19 December ~ The Chinese Super League and most of the country's media outlets are in the middle of a hyperbolic meltdown and it is all thanks to Nicolas Anelka signing for Shanghai Shenhua. His perpetually unimpressed face is everywhere in the city and the notoriously fickle Shanghainese populace are suddenly talking about their local team again. Since the capture of Anelka last Tuesday, the club's main supporters group, the Blue Devils, have been besieged by ticket enquiries for the new season, which is due to start in late March 2012. Shenhua's giant Hongkou stadium, which rarely fills a third of its capacity let alone sells out, might suddenly be the place to be at the start of the season.

It is not just the fans who are excited. The transfer is a massive PR coup for Shenhua's much-maligned owner, Zhu Jan. The businessman loves the limelight. After four years of meddling in team affairs, abruptly selling the club's best players and threatening to move Shanghai's only football team out of town, he has been savouring the attention.

However, like so much in China, it is not what you see but what you can’t that is important. Very recently, maybe in the last month or so, an unnamed company with links to the city’s municipal government ploughed substantial sums of money into the club’s bank account. This influx of money is not just for football reasons but also in the name of civic pride and is a direct response to recent crowned CSL champions, Guangzhou Evergreen.

The newly promoted side embarked on a massive spending spree at the start of the season, courtesy of their owner, Xu Jiayin, a prominent real estate magnate with links to the Chinese Communist Party. An expensively assembled squad of Chinese internationals and South Americans duly romped to the title, only losing two games all season and finishing 13 points ahead of second place Beijing Guoan.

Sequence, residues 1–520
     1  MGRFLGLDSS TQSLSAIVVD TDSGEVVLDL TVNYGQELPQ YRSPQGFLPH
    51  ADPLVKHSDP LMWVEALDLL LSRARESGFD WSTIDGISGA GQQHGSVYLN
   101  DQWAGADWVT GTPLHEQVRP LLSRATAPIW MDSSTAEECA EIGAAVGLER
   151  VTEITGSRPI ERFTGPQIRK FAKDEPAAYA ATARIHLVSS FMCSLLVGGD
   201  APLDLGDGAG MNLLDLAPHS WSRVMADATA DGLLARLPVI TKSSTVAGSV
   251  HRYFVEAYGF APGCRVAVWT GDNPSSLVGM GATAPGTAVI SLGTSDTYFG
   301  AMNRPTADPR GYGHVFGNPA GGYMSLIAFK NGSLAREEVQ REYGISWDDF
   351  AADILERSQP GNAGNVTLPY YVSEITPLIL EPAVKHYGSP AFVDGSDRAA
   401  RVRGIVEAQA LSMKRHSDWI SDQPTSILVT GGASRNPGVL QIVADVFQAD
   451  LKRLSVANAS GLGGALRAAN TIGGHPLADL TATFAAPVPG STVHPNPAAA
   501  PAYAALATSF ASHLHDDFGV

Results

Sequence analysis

Guangzhou’s cash plus Shenhua's disappointing 11th place finish in the league was clearly enough to force the hands of some very powerful people. It is one thing for Shanghai to have an under-performing team – Shenhua haven't won a title in almost a decade – but to be shown up by upstarts from Guangdong Province is simply unacceptable.

As a result, Anelka finds himself in an improbable situation. Leading the scoring charts isn’t going to be enough. Shenhua’s financiers will also be expecting the Frenchman to restore a sense of glamour and prestige to Shanghainese football. Quite how Le Sulk will cope is anyone’s guess. Andrew Crawford


Comments (1)
Comment by jameswba 2011-12-19 20:20:40

Good to get a bit more background on this move. I often feel I shouldn't have much time for Anelka. He keeps moving around, doesn't appear to have shown a lot of loyalty and gives the impression he's a difficult player to manage.

On the other hand, I've seen him play twice 'in the flesh' and was hugely impressed each time - with his movement, the runs you think defenders ought to spot but don't and his finishing (he scored identical goals in these games).

But he's never, as far as I'm aware, shown the remotest interest in being a Beckham-esque publicity machine.If Shenhua want that from him, they're deluded.

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